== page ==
THAI FOREST ECOLOGICAL RESEARCH JOURNAL

ISSN 2586-9566 (Print) ISSN 2985-0789 (Online)

Species Diversity of Amphibians along Altitude Gradient at Hala – Bala Wildlife Sanctuary, Narathiwat Province

Chananrat Nuankaew1, Sunate Karapan2, Wanna Mangkita1, Pattraporn Pukklay3 and Lamthai Asanok4*
1Department of Forest Management, Maejo University – Phrae Campus, Phrae province 54140
2Hala – Bala Wildlife Research Station, Hala – Bala Wildlife Sanctuary, Narathiwat province 96160
3Department of Applied Biology, Maejo University – Phrae Campus, Phrae province 54140
4Department of Agroforestry, Maejo University – Phrae Campus, Phrae province 54140
*Corresponding author: Email: lamthainii@gmail.com
Abstract

Background and Objectives: The amphibian diversity can used for indicating environmental quality and biodiversity management in the protected area. This study aimed to observed amphibian diversity and their distribution along the altitudinal gradient at Hala-Bala Wildlife Sanctuary. 

Methodology: Line transects were determined along the stream with different altitudes; 50, 200, 400, and 600 m a.s.l. for amphibian observation. Monthly monitoring was done from 2013 – 2021. The cluster analysis was applied for grouping the amphibian community along altitude gradient, including, species diversity and abundance.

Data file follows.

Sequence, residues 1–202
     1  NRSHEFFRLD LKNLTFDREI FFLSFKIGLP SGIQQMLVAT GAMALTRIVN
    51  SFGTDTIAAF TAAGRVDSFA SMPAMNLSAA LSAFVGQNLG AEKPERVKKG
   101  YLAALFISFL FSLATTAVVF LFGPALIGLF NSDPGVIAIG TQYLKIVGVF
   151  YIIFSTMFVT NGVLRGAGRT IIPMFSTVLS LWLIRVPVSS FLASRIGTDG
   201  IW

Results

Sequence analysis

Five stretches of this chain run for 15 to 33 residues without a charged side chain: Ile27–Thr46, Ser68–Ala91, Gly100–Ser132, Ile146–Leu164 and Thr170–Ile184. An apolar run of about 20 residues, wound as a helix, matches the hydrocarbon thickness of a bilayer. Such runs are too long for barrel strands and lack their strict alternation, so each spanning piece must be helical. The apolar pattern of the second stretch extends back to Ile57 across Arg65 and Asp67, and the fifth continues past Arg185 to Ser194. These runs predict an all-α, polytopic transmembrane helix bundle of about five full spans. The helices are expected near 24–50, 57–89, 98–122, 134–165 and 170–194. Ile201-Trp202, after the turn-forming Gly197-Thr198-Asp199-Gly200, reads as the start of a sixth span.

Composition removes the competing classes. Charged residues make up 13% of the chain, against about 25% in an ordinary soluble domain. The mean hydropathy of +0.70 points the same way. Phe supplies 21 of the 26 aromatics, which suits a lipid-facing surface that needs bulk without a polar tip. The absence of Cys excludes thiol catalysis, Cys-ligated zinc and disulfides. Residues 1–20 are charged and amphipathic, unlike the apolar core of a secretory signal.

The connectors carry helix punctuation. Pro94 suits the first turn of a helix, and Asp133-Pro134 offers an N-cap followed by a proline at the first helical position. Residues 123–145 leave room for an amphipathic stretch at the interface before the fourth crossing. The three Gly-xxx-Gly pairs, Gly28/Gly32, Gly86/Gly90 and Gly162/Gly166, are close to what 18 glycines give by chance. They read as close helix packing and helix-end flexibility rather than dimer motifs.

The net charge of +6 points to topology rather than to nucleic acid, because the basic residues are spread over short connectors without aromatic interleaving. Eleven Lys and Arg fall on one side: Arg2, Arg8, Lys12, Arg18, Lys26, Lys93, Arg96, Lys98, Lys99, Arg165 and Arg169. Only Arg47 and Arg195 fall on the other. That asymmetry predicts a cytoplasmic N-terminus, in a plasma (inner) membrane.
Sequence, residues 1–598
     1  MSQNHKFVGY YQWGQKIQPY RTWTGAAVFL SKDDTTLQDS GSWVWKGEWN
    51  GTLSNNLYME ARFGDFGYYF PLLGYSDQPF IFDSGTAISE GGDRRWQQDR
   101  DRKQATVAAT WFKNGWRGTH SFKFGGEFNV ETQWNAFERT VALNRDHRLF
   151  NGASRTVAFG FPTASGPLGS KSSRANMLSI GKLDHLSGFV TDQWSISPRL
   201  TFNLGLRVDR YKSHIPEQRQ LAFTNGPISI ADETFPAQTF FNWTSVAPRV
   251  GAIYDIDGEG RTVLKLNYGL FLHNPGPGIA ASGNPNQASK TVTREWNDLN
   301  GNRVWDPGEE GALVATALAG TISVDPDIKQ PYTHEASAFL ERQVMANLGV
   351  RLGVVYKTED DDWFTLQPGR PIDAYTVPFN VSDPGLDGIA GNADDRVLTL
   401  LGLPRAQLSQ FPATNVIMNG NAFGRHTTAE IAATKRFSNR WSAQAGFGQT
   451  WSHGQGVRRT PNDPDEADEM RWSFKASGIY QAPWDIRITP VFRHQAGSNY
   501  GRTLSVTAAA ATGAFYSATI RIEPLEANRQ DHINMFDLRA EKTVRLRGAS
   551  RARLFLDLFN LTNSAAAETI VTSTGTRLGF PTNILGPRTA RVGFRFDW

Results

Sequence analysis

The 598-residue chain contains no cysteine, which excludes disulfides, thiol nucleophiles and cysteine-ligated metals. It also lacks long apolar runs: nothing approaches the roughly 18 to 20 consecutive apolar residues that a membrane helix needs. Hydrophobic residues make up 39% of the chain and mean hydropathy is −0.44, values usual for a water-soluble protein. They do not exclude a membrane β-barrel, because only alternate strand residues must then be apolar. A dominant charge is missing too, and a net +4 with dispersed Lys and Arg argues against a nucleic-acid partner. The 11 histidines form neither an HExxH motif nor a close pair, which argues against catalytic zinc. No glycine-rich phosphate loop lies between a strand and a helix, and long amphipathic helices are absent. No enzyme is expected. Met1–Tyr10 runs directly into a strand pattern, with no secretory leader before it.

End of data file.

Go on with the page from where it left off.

Main Results: The results show that total amphibians of 35 species 25 genera and 5 families were found. Shannon-Weiner index, Simpson index and evenness index were 1.40 ±0.37, 0.37 ±0.15 and 0.71 ±0.17, respectively. The conservation status of found species classified into protected species and IUCN Red List as 6 and 34, respectively. Six species of highest abundant species were classified such as Phrynoidis asper, Chacorana raniceps and Pulchrana signata, which common, moderately common, uncommon and rare abundance were 2, 5, 7 and 15 species, respectively. The cluster analysis divided amphibians into 3 sub-community; lower elevation (50 m a.s.l.), intermediate elevation (200-400 m a.s.l.), and upper elevation (600 m a.s.l.). The lower community had highest Shannon-Weiner index (1.57±0.31) and evenness index (1.57±0.31), while the middle community has highest species richness (35 species) and Simpson index (0.37±0.15). The species of Amolops larutensis and Limnonectes blythii was the most frequently found and distributed all elevations.
Conclusion: Amphibians varied along altitudinal gradients and specific to Malayan habitat. Thus, the specific habitat of amphibians should be concerned on conservation plan to optimize the conservation and sustainable management. 

Keywords: Biodiversity; wildlife management; species composition; Malayan mixed dipterocarp forest type


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